Two games ago, the Emperor had captured me and tortured me for months. He’d burned away my limbs with his lava hands, keeping me weakened until he’d finally taken my head.

Had Sol been about to deliver me to a similar fate?

In another game, Ogen had dunked me in a river, toying with me, robbing me of air. Though I lasted longer than most, I could drown to death. Before he finished me, Circe had pulled him down to the deep.

In this game, Ogen had been afraid of water. Maybe he’d retained some animal memory of Circe’s reach.

In a battle against Joules and Gabriel (allies even then), the Lord of Lightning had blasted my oaks to splinters, then speared me in the heart with one of his javelins. While I’d been stunned, Gabriel had taken to the air, dropping burning oil on me and my plants.

I’d been seconds from dying when Fauna’s lions had dragged me from the flames.

Joules and Gabriel hadn’t yet known that I—and my trees—could regenerate. In the end, my oaks and my thorn tornado had defeated those two. Unless something had been skewed in translation—let’s hope—I was pretty sure I’d desecrated their corpses.

And I might have hung Gabriel’s silken black wings over my hearth.

I was like the movie monster that never died, returning for more jump scares. Beheading was the only way to be sure.

Regeneration was a handy ability to have, but others’ powers were just as enviable.

The Fury possessed batlike wings that changed color like a chameleon’s skin, camouflaging her. An Arcana could be walking along, unaware that she stalked him—until a shower of acid rained down.


The Emperor could travel via his lava—riding it like a wave.

When the teleporting Centurion became intangible, no offensive strike would work against him for as long as his powers held out. I’d managed to kill him once before, by stumbling upon a battle already in progress. Just as his reserves hit empty, I’d launched my thorn tornado, scouring his body down to the bones.

Fauna had the ability to revive all animals, and not merely her connected familiars. In the same way that my blood seeded plants, her blood could reanimate a creature, bringing a bird back from a feather or a bull from a fragment of horn.

Did Lark know about her animal resurrection power? Did Aric know? When was I going to tell them?

The book, with its constant tales of treachery, was making me nearly as paranoid as Gran. Aric’s distance wasn’t helping. I understood why he avoided me, but I didn’t want this rift between us to widen—for more than one reason.

An ominous feeling had descended over the castle of lost time. I got the sense that something big was coming down the pipeline. Something in addition to the Richter threat or Gran’s failing health. But what??

If we weren’t a united front . . .

The Fool had told me that things would happen beyond my wildest imaginings. I no longer thought they’d be positive things.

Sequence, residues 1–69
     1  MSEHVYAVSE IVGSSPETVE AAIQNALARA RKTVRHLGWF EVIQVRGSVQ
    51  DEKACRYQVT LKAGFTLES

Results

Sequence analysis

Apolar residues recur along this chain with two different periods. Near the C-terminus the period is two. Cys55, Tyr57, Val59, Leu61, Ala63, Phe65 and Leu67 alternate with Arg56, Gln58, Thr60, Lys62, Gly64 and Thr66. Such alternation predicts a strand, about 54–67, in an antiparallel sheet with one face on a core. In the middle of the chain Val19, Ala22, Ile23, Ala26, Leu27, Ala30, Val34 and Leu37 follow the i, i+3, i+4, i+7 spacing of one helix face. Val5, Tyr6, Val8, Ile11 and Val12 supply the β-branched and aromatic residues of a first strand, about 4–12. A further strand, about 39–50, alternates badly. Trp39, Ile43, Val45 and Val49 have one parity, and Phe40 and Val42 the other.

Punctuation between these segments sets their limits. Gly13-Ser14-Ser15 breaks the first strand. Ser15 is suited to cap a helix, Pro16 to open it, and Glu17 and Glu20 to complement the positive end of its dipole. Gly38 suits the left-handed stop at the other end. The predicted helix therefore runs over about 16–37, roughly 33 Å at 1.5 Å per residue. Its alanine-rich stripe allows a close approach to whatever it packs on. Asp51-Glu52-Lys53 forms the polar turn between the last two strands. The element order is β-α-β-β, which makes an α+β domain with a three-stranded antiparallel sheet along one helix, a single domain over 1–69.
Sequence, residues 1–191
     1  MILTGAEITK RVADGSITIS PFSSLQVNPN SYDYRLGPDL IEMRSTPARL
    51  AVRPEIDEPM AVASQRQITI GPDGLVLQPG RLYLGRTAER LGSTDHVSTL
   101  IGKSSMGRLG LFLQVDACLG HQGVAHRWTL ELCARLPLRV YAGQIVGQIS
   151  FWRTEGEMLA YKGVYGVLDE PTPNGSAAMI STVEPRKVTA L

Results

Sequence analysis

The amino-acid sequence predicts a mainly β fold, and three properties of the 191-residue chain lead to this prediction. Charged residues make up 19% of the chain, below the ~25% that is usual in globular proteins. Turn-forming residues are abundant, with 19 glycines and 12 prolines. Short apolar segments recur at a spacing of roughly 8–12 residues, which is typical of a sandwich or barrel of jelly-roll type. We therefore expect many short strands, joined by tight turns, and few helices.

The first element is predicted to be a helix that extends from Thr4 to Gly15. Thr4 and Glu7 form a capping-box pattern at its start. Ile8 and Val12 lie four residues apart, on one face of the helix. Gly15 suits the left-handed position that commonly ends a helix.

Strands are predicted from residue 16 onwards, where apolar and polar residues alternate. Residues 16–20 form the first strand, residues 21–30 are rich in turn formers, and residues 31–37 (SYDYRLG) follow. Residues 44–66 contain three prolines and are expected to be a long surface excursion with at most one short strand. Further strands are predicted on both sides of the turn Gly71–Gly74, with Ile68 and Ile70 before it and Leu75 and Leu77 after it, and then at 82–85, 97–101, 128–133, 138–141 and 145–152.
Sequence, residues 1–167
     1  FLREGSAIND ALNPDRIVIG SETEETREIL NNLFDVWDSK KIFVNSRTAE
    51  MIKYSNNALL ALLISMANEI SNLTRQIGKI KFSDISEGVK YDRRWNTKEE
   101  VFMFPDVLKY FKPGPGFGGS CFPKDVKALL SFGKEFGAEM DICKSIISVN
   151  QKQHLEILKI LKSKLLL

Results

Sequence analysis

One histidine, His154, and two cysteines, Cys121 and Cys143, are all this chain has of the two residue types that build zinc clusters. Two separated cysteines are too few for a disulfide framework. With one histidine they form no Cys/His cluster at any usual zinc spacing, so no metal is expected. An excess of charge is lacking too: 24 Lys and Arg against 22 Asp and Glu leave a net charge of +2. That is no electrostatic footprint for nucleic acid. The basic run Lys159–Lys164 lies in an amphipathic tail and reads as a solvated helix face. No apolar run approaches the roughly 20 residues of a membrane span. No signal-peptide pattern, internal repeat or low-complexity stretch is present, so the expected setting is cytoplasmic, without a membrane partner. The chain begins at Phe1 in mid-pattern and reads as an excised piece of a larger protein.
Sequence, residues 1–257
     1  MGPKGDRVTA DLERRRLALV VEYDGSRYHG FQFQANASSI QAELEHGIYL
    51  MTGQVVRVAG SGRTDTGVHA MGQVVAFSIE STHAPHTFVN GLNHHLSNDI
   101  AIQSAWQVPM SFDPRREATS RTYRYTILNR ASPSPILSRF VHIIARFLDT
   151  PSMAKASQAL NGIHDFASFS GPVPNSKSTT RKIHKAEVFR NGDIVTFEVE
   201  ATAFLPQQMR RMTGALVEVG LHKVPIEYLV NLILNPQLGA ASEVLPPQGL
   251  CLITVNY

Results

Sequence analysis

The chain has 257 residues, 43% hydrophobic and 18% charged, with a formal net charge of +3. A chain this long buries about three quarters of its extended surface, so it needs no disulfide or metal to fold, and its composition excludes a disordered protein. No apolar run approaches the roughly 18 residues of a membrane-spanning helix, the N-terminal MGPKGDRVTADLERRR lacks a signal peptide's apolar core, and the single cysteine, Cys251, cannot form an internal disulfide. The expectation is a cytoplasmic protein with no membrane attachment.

Biting my lip, I returned my attention to the book. The next section was titled “Setting Moon.” Sometimes as I read, I would look up from the page in a trance, remembering a certain battle or day. Now I recalled Circe and me relaxing in the middle of my fortress of plants—my “green killers,” as she’d called them. A river had circled us protectively. We’d been laughing about something. . . .

An arrow sped through my vines, hitting the tree inches from Circe’s head.

She and I leapt up and whirled around.

Atop a distant hill stood a girl with silvery hair, a bow, and a quiver. Her tableau revealed her to be the Moon. She called out, “I could have killed the Priestess.” Indeed. Somehow the Moon’s arrow had perfectly threaded my vines. “I did not, because I want to be a part of your alliance.”

Circe and I met gazes, smiling at each other.

“She is bold,” I said. My vines slithered like snakes.

Circe’s river thrummed with power, gathering to strike. “Normally we might reward such daring . . .”

“. . . but not today,” I finished for her.

We’d killed the Moon. Circe had gotten her icon.

No wonder Selena hadn’t trusted me! No wonder she’d been shocked when I’d faced off against the Lovers, hell-bent on rescuing her.

I’d never known how much she’d overcome to be my friend. I narrowed my eyes, my glyphs glowing. Matthew could have told me. Circe could have. She treated me like I was some vicious backstabber; she’d been just as bad.

Whenever she finally deigned to talk to me, I was going to give her a piece of my mind! Not that I had much left to give—

“This is what I’ve wanted to see,” Gran said from her bed. She rubbed her eyes, shaking off sleep.

“What?” I closed the book and set it away.

“Your anger.” With difficulty, she sat up against the headboard, and I hurried over to help her. “Did you read about a double cross?”

“Not exactly.” I sank down on the edge of the bed.

“Do you dream about past games?” At my nod, she said, “So the Fool transferred your memories.”

“Yes. But they come slowly.” I frowned. “Why would he have done that?”

“Not as a kindness to you, I promise. The Fool must believe knowledge of the past will somehow render you more careless or weaken your alliances.” She reached for a glass of water on the nightstand, and I rushed to hand it to her. “Whenever you see the past, look for symbols. In the present as well. Tarot cards are filled with symbols, because life is.”

“What do they mean? What’s the purpose?”